Thromb Haemost 2021; 121(09): 1121
DOI: 10.1055/a-1559-0690
Invited T&H Insights

MicroRNAs as Biomarkers for Personalized Antiplatelet Therapy

Mitchell J. Moon
1  Atherothrombosis and Vascular Biology, Baker Heart and Diabetes Institute, Melbourne, Victoria, Australia
2  Department of Cardiometabolic Health, University of Melbourne, Melbourne, Victoria, Australia
,
Karlheinz Peter
1  Atherothrombosis and Vascular Biology, Baker Heart and Diabetes Institute, Melbourne, Victoria, Australia
2  Department of Cardiometabolic Health, University of Melbourne, Melbourne, Victoria, Australia
3  Department of Medicine, Central Clinical School, Monash University, Melbourne, Victoria, Australia
4  Department of Cardiology, The Alfred Hospital, Melbourne, Victoria, Australia
› Author Affiliations

MicroRNAs (miRNAs) are small, single-stranded, noncoding RNAs (∼22 nucleotides) with a central role in posttranscriptional regulation of gene expression. Notably, miRNAs also circulate in blood, predominantly in microparticles, acting to shuttle gene-regulating signals between cells.[1] [2] The presence of specific miRNAs in blood marks specific pathological changes in tissues and may therefore serve as a disease biomarker.[1] [2] The search for specific miRNAs as disease biomarkers has exploded with over 27,000 total PubMed publications (4,724 from 2020 alone), demonstrating an enormous interest in circulating miRNAs in all areas of medicine.

Recent findings have shown the potential of miRNAs as biomarkers of platelet function and therapeutic efficacy.[3] As the effectiveness of antiplatelet therapy varies substantially between patients, there is a strong need for biomarkers to aid in providing personalized antiplatelet therapy.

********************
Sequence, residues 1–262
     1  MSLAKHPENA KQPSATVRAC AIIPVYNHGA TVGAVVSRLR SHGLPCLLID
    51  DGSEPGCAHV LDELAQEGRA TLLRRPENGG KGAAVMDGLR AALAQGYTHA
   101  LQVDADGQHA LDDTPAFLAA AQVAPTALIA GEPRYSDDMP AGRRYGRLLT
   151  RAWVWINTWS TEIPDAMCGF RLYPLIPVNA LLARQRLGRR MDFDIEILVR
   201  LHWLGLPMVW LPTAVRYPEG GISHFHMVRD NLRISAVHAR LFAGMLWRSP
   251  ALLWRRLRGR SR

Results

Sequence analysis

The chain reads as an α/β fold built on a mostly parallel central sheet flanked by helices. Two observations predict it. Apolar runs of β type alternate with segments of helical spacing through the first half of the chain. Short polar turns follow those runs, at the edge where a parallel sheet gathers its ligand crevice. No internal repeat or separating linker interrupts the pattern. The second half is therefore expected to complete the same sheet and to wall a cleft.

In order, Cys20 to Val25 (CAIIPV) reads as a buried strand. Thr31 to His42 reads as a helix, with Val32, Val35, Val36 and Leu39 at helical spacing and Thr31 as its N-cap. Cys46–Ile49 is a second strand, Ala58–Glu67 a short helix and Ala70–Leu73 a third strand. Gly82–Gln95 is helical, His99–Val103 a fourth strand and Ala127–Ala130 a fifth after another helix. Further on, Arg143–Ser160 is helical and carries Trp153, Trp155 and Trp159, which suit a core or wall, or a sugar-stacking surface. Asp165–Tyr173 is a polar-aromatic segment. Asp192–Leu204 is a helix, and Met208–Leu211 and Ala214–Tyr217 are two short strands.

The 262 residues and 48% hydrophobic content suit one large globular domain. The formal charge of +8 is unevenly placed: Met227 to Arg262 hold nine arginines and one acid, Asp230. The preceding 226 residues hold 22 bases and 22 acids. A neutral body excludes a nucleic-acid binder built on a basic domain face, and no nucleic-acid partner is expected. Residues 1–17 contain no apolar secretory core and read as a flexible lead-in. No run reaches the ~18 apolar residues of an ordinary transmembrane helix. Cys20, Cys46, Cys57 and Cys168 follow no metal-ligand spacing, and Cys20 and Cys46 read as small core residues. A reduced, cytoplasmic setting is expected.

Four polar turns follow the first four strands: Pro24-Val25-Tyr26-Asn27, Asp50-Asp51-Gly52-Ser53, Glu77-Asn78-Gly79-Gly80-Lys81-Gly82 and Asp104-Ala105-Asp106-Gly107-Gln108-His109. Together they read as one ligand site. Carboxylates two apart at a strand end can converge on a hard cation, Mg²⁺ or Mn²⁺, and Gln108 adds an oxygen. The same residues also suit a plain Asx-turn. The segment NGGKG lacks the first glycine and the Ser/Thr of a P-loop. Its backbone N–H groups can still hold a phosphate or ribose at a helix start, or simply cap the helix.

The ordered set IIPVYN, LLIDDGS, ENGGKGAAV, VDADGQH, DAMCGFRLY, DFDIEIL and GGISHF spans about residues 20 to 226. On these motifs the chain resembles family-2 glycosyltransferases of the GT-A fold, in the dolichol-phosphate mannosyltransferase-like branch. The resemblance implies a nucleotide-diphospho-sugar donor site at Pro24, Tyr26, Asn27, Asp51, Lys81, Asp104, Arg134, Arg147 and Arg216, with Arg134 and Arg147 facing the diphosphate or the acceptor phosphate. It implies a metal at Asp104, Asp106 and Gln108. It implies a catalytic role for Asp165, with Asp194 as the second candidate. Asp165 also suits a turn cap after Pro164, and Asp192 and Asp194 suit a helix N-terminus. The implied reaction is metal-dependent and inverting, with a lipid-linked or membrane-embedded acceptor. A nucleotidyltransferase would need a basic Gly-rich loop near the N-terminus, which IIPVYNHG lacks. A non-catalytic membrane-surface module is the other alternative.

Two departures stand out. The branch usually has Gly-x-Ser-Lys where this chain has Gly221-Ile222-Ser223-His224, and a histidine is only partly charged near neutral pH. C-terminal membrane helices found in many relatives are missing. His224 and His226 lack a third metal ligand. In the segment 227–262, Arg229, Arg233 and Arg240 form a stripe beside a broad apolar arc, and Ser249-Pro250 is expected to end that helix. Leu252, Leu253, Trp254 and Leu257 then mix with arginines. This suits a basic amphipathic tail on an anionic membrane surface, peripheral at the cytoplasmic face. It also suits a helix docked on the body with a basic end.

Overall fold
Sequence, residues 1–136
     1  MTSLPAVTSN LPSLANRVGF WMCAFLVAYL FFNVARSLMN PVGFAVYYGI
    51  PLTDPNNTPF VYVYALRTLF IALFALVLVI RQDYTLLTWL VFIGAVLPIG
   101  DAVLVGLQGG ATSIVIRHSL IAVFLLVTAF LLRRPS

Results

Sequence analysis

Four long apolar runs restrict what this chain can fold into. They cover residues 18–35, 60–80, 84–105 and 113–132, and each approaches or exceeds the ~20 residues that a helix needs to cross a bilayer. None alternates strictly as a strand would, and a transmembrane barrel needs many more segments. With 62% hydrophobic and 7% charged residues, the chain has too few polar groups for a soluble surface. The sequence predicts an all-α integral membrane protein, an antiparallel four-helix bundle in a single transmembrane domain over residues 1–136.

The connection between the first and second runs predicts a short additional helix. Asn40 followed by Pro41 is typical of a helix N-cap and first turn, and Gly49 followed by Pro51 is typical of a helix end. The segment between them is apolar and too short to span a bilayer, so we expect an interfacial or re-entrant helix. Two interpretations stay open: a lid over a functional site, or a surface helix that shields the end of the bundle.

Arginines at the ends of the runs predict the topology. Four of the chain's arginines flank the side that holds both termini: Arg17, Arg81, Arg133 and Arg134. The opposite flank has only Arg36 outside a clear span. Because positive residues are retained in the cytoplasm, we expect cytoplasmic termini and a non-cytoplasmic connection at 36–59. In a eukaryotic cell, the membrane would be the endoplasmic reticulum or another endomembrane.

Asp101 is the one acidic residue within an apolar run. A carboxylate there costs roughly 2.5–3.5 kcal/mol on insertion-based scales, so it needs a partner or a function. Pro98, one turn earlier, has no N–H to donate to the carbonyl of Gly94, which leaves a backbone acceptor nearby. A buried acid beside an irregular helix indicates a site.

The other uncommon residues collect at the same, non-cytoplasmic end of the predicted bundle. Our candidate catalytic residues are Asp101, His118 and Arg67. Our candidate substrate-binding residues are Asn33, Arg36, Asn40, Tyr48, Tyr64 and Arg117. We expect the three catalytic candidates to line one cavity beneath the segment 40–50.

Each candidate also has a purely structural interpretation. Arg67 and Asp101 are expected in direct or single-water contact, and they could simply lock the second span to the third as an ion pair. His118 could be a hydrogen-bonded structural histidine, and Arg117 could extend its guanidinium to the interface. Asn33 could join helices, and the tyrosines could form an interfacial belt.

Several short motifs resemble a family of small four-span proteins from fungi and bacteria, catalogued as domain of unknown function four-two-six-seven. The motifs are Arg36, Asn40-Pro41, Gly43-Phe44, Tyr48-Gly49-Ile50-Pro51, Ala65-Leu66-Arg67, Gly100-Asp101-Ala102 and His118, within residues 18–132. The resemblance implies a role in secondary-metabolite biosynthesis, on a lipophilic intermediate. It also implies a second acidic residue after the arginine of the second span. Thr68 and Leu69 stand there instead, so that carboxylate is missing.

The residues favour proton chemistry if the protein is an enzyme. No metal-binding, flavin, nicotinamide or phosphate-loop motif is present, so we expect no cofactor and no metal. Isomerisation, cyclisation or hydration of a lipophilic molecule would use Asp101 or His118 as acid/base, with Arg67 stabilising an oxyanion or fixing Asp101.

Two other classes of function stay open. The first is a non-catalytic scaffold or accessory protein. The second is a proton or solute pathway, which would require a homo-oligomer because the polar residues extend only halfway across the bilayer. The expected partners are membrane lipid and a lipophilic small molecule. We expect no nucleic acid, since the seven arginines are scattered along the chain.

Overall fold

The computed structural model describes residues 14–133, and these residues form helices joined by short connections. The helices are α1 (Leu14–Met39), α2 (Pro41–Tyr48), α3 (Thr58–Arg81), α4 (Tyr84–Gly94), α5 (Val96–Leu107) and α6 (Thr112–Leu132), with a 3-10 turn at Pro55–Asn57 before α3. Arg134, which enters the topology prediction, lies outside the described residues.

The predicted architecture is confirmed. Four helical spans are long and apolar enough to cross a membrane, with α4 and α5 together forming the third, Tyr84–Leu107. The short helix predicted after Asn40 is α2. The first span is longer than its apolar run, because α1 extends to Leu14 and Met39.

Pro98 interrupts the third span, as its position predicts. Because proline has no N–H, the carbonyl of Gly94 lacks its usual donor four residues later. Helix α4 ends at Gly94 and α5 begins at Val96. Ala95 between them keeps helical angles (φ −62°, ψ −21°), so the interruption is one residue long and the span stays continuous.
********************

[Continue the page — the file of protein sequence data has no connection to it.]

In this issue of Thrombosis and Haemostasis, Garcia et al[4] identify an important role of miR-204–5p on in vitro platelet production and function. miR-204–5p-transfected megakaryocytes exhibited cytoskeletal alterations and generated more compact and more numerous platelet-like structures, which showed increased glycoprotein IIb/IIIa expression and activation. The authors provide an intriguing insight into the genetic control of platelet production and function by miR-204–5p. Importantly, the authors' data suggest miR-204–5p as a potential biomarker reporting on high platelet reactivity.

This in vitro work by Garcia et al[4] supports the group's previous ex vivo work,[5] which demonstrated the potential of miR-204–5p as a biomarker for high on-treatment platelet reactivity, an indicator of future thrombotic events. As such, miR-204–5p promises to be a miRNA biomarker that reports on the effectiveness of antiplatelet therapy and will thus allow adjustments to dosage and treatment (changing to a more effective P2Y12 inhibitor). Thereby, this miRNA biomarker holds the promise to facilitate personalized antiplatelet therapy and exemplifies the potential use of circulating miRNAs in personalized medicine.



Publication History

Received: 21 July 2021

Accepted: 22 July 2021

Publication Date:
26 July 2021 (online)

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